I have never programmed before. Which do you suggest I learn, Modkit or RobotC? It looks like RobotC has some good tutorials online that I can use to help me learn on my own. What do you suggest? Thanks!
You have a lot more control in RobotC and you have 3 levels to use. I gave up on Modkit but have had RobotC for some years.
If you have looked at some RobotC tutorials and they kind of make sense, RobotC is definitively the way to go. When you start to do serious programs, you will not be limited by RobotC. Also what you learn with RobotC will be transferable to other programming languages that you or your students learn in the future. Since RobotC is a variant of the C language, you can also learn the basics not only from the RobotC tutorials but also standard C programming books or web tutorials. The way motors and sensors are hooked into the program is unique to RobotC and makes this aspect of programming very easy.
Robot C, no question. Modkit is a nice idea but you will run out of usefulness quickly. Regardless of your primary focus I believe Robot C will give you better results. Robot C is almost mandatory for competition. You simply won’t be competitive without it. From an educational perspective RC will provide a more “real world” educational experience as we’ll. Any “visual learning” benefit of Modkit is negated by RC’s newest versions which now include a visual programming mode.
I have to ask what age are the children? 4th and 5th graders and even 6th graders by in large don’t do well being introduced to RobotC. Modkit gets kids up and running very quickly and does not have the fairly steep earning curve that RobotC does. I introduce RobotC to kids in 6th grade for those who have robotics experience. Younger than that and most kids don’t do well.
Modkit is a very powerful language. I haven’t found anything I can’t do in it. I have used Modkit since last September teaching approximately 200 4th-6th grade kids. I really like it. It gets kids introduced into the right way to think and is far superior to Lego NXT flow control programming. The transition from Modkit to RobotC is much easier when the kids are ready to move up.
I have been using Modkit with 6 to 8 year olds and we have yet to run into any limitations. For those more experienced, I would live to know the limitations.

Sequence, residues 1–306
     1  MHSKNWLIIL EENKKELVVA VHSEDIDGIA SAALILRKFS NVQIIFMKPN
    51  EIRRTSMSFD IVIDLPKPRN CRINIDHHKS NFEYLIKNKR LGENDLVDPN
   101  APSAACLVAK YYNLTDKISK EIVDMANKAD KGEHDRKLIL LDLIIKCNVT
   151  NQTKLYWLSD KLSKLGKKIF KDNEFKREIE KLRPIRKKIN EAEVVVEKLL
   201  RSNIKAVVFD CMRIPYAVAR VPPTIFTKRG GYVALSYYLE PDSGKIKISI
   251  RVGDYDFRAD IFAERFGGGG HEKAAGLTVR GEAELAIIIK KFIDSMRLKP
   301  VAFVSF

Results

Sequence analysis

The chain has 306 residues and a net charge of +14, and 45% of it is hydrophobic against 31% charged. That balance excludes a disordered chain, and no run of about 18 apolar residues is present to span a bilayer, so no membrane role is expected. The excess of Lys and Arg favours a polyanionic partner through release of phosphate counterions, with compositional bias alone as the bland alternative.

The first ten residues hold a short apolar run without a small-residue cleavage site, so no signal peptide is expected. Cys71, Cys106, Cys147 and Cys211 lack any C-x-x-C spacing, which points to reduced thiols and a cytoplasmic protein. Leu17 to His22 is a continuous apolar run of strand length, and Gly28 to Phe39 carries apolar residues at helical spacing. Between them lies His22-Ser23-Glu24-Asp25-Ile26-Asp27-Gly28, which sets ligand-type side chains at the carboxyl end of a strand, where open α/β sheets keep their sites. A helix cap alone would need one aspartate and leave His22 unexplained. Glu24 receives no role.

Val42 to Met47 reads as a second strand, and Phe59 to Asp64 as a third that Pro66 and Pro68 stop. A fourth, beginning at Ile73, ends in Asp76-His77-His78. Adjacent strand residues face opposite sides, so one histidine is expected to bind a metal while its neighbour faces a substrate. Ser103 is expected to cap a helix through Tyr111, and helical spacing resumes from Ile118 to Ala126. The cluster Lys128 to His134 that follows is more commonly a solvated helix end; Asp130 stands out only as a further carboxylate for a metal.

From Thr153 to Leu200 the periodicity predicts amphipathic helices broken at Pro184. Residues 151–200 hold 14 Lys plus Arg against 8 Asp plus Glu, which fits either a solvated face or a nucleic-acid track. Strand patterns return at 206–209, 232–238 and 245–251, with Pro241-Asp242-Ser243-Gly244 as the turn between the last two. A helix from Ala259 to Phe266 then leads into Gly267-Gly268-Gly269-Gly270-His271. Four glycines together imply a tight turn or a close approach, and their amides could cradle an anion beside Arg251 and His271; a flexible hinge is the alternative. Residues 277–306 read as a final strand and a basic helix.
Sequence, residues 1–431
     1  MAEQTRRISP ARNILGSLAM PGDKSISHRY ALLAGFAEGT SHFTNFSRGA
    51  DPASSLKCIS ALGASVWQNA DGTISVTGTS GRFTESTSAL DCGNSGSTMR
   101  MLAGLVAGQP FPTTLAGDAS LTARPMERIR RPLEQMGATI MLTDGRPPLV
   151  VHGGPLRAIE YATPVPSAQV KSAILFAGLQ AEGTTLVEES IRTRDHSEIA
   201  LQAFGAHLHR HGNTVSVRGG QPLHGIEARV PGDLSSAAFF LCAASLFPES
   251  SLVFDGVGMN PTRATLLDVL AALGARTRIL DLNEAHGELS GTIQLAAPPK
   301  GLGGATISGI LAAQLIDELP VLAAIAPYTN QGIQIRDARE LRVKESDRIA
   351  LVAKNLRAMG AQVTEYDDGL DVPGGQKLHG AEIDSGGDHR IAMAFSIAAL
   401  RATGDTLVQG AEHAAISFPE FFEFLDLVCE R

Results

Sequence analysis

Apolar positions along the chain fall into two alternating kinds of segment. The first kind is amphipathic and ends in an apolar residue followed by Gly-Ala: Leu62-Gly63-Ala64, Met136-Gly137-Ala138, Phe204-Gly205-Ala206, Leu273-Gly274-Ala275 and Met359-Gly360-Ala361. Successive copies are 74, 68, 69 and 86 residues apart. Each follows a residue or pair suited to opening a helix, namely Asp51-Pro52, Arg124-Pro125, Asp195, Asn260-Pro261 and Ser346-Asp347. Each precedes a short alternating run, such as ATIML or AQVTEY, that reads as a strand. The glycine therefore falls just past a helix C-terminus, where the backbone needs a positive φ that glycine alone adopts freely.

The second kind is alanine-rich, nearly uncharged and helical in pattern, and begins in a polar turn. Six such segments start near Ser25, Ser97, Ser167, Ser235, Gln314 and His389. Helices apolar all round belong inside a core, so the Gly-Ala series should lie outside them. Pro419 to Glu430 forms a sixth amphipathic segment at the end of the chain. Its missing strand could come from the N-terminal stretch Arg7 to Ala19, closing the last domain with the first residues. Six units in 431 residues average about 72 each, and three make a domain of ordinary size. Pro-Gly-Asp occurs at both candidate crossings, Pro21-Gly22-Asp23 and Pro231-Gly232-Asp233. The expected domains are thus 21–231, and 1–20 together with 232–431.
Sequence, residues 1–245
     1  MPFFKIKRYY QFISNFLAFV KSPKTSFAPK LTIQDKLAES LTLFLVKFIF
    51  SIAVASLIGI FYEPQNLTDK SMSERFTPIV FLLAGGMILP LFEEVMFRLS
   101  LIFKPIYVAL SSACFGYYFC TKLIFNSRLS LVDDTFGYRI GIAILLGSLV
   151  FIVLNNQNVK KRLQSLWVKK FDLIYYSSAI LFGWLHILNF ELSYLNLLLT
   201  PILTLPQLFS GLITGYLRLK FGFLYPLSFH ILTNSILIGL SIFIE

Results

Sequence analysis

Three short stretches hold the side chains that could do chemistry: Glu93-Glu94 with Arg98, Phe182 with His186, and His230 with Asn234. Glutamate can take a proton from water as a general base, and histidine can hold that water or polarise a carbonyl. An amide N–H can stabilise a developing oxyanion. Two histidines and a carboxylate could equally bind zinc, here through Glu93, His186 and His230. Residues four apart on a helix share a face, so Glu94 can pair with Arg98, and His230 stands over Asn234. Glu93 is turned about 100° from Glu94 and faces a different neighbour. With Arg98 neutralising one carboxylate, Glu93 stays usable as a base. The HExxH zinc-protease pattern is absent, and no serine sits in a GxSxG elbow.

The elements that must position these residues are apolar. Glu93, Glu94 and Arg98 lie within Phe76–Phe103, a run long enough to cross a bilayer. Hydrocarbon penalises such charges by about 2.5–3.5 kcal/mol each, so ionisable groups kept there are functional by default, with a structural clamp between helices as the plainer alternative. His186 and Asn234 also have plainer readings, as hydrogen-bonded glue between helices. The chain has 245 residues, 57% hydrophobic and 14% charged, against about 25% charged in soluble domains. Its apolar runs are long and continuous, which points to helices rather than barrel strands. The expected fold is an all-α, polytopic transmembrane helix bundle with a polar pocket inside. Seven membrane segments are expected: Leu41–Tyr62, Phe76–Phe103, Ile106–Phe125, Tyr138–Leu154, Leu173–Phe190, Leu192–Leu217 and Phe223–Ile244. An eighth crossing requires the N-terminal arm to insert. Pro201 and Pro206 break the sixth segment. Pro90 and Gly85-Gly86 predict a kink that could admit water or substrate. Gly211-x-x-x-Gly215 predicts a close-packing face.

I am thinking about when to transition these kids to RobotC. I just got a windows computer to try and use RobotC. One of the reasons why also started on Modkit was because it ran on macOS.
Just want to point out, this is a 5 year old topic, things have changed quite a bit since 2014. It’s best not to revive these, start a new topic next time.
It is 5 years old, but RobotC is still my favorite… One of those things that has stood up against the sands of time.
Yea, that is kind of old, I will take my reply down.
RobotC and ModKit are pretty different, I’ll try to outline the advantages of each.
- Easier to learn & use
- Distance measurements are more precise
- Can be run from certain mobile devices
- Programs are quicker to make
- Functions more like an actual programming language so learning other programming languages after RobotC will be easier
- Less limited in many senses / allows more customization and precise control
- Has quite a few good docs and tutorials online
So, I guess it kinda depends on what you want. For younger students ModKit will probably better since it’s easier to learn and use, and programs are generally faster to make so results can be seen quicker. For older students, RobotC is probably better since it contains a lot of features and customization options that ModKit simply doesn’t have (functions with parameters, local variables, etc).
The age-old argument of whether graphical or text-based programming languages are better is relevant here. See https://www.techagekids.com/2016/07/graphical-vs-text-based-coding-for-kids.html, https://www.codingkids.com.au/blog/visual-based-vs-text-based-programming-languages, https://www.linkedin.com/pulse/visual-based-vs-text-based-programming-languages-emily-de-la-pena for more details.